Outcomes & Expectations


The NC Stakeholder Engagement Group (NC SEG) was a cross-disability advocacy initiative focusing on shaping the long-term support and service systems through meaningful engagement and dialogue with policymakers. It was generously funded by the North Carolina Council on Developmental Disabilities (NCCDD) for three years.

Since the November election, the political landscape has changed rapidly and expansively, and we anticipate these changes will have a substantial impact on the long-term supports and service systems for people with disabilities. It is vital that the authentic, constructive voice of consumers and family members be at the table as the system evolves. The funding from NCCDD ended in November 2016. The NC SEG is currently looking for funding to continue its advocacy efforts. While we seek funding from a variety of sources, the formal activities of the group have been suspended. This page will be updated by Community Bridges Consulting Group pro bono until funding is secured.

If you know of a funding source or possibility, please e-mail Kelly@cb-cg.com. Thank you!

Entrance into the System

  • Utilize only one application to get all public services.
  • Employ a person who helps with enrollment and has nothing to gain from the choice of services.
  • Maintain a similar array of services across the state.
  • Allow individuals to move from one part of the state to another and keep services

Waiting Lists

  • Provide everyone with the service they need, at the right amount, at the right time and in the right place.
  • Serve everyone – no individual waits for services.
  • Move people from the waiting list based on urgency and severity of need.


  • Guide but do not predict what services are received.
  • Build on what is important to person and is working in their life.
  • Utilize a whole person approach that addresses individual life needs.
  • Implement process for ongoing review and development as person will change and grow.
  • Require consistent process and tools across the state and MCOs.


  • Individual control and flexibility of funds to meet needs with services within an allowable budget.
  • Educate person and providers about self-direction and support them to use it.
  • Provide financial and business management supports.

Person-Centered Planning

  • Drive plan by the personal goals and desired outcomes as indicated by the individual
  • Create an on-going living document that changes as person changes – not just paper
  • Involve team that is valued and is selected by the person to include family, support professionals planners, and any others.
  • Allow the plan to drive the authorization of services –the authorizers do not drive the plan.

Support Coordination

  • Develop a personal and consistent relationship between the person and the support coordinator.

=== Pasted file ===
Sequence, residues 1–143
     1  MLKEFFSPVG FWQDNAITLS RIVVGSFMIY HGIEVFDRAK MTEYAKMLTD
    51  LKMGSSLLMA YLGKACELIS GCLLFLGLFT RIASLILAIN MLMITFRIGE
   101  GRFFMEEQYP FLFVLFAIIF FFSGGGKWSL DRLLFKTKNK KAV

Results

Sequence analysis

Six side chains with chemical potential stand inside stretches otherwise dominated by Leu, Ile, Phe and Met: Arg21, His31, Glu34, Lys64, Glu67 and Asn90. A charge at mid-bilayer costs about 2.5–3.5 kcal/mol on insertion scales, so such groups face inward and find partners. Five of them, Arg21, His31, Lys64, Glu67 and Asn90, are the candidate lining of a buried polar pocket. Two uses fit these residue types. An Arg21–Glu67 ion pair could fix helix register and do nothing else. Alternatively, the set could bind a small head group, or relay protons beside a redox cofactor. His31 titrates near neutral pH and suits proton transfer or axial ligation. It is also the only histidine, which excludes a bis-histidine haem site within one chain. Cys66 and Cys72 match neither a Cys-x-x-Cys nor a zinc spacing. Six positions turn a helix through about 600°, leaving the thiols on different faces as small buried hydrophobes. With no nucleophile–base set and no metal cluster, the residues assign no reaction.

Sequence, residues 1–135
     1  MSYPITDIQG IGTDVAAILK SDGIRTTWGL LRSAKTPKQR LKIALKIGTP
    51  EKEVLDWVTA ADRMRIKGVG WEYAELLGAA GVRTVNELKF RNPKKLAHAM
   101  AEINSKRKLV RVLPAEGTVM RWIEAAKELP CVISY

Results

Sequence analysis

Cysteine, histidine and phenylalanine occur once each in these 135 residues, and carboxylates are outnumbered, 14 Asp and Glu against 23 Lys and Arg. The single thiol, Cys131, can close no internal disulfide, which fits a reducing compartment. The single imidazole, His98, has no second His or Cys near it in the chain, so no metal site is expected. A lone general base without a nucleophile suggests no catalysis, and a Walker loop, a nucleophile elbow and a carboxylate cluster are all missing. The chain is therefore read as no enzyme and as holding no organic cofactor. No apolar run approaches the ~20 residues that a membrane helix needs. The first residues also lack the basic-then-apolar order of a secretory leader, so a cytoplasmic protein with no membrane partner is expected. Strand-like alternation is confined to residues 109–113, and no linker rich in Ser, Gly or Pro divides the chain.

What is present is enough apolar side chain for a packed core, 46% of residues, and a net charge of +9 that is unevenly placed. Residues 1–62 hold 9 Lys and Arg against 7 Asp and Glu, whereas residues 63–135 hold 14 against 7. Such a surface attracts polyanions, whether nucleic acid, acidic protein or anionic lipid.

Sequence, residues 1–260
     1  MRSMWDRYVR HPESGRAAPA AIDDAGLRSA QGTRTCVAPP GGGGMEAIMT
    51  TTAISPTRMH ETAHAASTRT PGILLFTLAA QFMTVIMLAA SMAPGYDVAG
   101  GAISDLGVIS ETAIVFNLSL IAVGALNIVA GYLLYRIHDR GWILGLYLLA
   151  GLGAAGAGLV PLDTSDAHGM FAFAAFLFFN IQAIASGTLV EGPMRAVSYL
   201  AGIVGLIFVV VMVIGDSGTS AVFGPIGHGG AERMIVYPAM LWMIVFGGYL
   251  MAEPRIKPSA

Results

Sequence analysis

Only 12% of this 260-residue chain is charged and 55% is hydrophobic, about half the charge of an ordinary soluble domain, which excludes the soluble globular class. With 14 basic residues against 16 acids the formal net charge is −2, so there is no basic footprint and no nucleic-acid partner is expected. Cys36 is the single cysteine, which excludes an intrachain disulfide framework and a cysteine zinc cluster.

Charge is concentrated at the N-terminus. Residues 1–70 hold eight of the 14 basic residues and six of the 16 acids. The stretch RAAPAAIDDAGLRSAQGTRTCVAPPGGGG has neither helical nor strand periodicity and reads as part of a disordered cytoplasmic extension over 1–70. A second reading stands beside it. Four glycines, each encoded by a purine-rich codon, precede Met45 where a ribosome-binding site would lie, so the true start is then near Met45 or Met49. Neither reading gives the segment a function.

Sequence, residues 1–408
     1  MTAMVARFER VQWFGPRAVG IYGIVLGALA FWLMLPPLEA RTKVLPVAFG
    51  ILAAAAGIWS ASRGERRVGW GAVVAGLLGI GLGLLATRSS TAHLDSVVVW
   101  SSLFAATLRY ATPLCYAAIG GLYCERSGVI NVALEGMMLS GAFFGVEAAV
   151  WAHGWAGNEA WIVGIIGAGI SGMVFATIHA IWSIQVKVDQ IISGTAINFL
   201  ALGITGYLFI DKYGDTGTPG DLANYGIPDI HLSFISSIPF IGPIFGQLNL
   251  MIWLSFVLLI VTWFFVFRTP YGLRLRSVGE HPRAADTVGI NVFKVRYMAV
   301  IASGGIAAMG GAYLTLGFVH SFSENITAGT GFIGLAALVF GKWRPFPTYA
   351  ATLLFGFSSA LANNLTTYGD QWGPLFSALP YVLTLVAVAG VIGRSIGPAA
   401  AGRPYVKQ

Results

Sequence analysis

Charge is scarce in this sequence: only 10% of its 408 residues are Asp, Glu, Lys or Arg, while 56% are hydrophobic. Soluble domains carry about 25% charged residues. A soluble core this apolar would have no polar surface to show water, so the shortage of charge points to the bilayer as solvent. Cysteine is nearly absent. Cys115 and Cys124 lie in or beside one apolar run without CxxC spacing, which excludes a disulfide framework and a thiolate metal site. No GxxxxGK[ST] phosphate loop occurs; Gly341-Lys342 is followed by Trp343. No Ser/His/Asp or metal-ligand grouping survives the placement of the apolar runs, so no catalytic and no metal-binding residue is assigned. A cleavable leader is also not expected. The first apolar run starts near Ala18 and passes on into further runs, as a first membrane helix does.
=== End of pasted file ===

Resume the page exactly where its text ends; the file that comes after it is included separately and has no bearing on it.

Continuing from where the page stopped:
• Require coordinators to have a working (best practice) knowledge of local resources and how to connect people to communities.
  • Advocate for individual rights, responsibilities, and choices in an independent appeals process.


  • Promote independence and community inclusion through all services.
  • Make employment and careers the preferred outcome of all education and services (“Employment First”).
  • Pay for the desired outcomes, not just units of service.
  • Allow flexibility to meet the unique needs of each person and family.
  • Make outcome expectations and service access consistent across the state.


  • Focus the Comprehensive Quality Strategy on the valued outcomes versus the quality of the process.
  • Involve participants and their families in independent oversight.
  • Communicate the results of the oversight process in a timely, accurate, and is easily accessible and understood formats.
  • Evaluate success in all areas of a person’s life through meaningful outcome measures.
  • Enforce requirements and maintain standards statewide.

Qualified Providers

  • Provide participant choice by having multiple providers in each specialty area of service.
  • Require provider to be qualified, trained and monitored to achieve outcomes for people they support.
  • Recruit and retain providers by paying for the actual costs and rewarding good performance.
  • Encourage certification and recognition of direct support workers.

Payment Structure

  • Move from fee-for-service to incentive payments for outcomes; assist providers to change business models.
  • Allow flexibility to better match services with individual needs.
  • Share costs of services and the outcomes providers report with consumers.
  • Provide timely payments for approved services and outcomes to all providers.

System Transition

  • Involve cross disability consumers and families in all levels of strategy development and implementation through recognized advisory boards; provide sufficient time for review of concepts and proposals.
  • Determine readiness of the state; managed care entities; providers, consumers, families for new management structures. Readiness includes enough staff, the right skills competencies, the right values.
  • Implement and standardize operational and IT systems across the state to assure continuity of service.
  • Communicate information to enrolled participants and families – and to those not yet enrolled – about the new program, their rights and responsibilities.
  • Develop a process for transferring participants to new system to prevent gaps in service; plan for rapid identification and resolution of problems.

Participant Protections

  • Educate individuals, families and support providers about participants’ rights and responsibilities.
  • Assure safety and support for individuals and families when reporting concerns or making claims.
  • Investigate, track, and provide prompt follow up on critical incidents (including abuse, neglect and exploitation) and make results clear to all.